McLaren and team partners, GlaxoSmithKline, have today announced the ‘Pit Stop Challenge’, a competition for secondary school students to use science in order to reduce the teams’ pit stop time.
Aimed at 11-14 year olds, those that take part will be asked to explain their solutions via contact with GSK, with the shortlisted finalists appearing before a panel of judges at GSK’s Human Performance Lab. The teams can investigate any area of the pit stop and the science behind, whether it be improving engineering aspects or that of nutrition and rest.
The winning team will be invited to a factory tour of the McLaren Technology Centre – where they will be able to watch the McLaren pit crew practice their stops.
McLaren and pharmaceutical company GSK have been in partnership since 2011, working to improve the operation at McLaren HQ as well as creating excitement around science, technology, engineering and maths that could produce the technical Formula One personnel of the future.
“Young people in the UK have a great enthusiasm for practical, hands-on science,” said Roger Connor, GSK President of Global Manufacturing and Supply.
“Through our education and training programmes we want to harness and build that initial enthusiasm and encourage young people to really think about where a career in science could take them. As a science-led organisation, we are passionate about supporting the next generation of scientists who can drive forward the UK’s science base. And by teaming up with the McLaren Group to develop this exciting programme, we’re confident that we have created something very special for students.”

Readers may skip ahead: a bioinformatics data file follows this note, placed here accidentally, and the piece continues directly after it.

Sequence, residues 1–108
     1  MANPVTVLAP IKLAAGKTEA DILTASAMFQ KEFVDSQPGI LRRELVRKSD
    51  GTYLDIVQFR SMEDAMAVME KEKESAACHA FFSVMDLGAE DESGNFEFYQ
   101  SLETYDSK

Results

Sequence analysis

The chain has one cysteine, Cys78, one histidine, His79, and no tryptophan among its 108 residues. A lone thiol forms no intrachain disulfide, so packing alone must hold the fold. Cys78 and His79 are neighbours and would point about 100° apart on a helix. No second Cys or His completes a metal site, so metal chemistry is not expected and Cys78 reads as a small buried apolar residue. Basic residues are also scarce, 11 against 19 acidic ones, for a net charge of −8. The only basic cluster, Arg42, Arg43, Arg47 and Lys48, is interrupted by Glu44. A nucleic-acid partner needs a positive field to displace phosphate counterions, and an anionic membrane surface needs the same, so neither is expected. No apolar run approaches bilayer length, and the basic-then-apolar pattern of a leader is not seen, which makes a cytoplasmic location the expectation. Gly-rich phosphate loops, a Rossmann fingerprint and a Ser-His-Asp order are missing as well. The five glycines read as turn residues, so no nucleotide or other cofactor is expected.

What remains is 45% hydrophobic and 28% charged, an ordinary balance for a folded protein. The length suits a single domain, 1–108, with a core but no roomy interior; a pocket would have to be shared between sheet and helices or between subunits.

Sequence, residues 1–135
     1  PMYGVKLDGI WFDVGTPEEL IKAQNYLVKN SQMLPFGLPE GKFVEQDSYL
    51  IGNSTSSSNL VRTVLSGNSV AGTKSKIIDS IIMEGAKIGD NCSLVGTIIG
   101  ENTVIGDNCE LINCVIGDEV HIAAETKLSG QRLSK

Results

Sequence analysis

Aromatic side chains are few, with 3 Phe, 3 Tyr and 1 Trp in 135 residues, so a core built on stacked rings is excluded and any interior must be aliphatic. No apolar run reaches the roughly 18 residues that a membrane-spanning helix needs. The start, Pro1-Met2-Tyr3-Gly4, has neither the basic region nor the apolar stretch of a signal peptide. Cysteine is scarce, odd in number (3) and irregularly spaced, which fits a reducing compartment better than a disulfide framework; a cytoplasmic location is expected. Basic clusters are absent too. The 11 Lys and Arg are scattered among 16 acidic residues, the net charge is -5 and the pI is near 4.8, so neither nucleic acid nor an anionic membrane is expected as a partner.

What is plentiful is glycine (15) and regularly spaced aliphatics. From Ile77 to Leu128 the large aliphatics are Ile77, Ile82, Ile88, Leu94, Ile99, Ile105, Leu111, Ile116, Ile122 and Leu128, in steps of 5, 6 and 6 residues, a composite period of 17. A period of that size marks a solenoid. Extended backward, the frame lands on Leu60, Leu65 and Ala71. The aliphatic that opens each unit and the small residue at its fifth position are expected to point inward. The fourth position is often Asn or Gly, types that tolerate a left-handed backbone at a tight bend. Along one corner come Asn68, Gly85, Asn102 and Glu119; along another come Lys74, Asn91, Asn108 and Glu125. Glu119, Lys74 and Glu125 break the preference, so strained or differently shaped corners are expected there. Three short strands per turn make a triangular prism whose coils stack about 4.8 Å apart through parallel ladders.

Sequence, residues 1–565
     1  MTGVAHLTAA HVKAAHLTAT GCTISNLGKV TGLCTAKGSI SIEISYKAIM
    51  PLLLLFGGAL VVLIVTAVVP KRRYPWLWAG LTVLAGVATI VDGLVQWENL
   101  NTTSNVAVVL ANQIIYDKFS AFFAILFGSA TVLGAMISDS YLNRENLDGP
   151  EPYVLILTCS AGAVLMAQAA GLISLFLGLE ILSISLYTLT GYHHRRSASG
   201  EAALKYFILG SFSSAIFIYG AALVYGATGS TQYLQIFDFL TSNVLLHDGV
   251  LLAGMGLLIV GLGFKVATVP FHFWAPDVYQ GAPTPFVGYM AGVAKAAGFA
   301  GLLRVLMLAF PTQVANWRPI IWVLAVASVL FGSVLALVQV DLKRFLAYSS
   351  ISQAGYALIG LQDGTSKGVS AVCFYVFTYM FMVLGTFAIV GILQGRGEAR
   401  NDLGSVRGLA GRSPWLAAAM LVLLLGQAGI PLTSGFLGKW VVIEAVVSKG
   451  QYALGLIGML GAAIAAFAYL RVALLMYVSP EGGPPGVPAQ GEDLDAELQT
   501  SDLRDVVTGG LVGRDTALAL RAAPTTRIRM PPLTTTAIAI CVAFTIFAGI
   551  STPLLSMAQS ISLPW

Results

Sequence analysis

This programme, along with F1 In Schools, appeals to a much larger audience than an ordinary science competition in schools may, as it allows the students to see the technical theory used in its practical sense, as part of an exciting sport.
“Today’s students are the scientists and engineers of tomorrow,” said Martin Whitmarsh, Chief Executive of the McLaren Group.
“They will tackle the global challenges of the 21st century and in so doing, will change the world. But unfortunately not enough young people realise just how exciting, creative and varied jobs in science and engineering can be and we are letting invaluable talent slip away as a result. Hopefully we can use the excitement and drama of Formula 1 to demonstrate that today’s careers in science and engineering are very different from the old stereotypes and we can encourage more young people to choose STEM subjects.”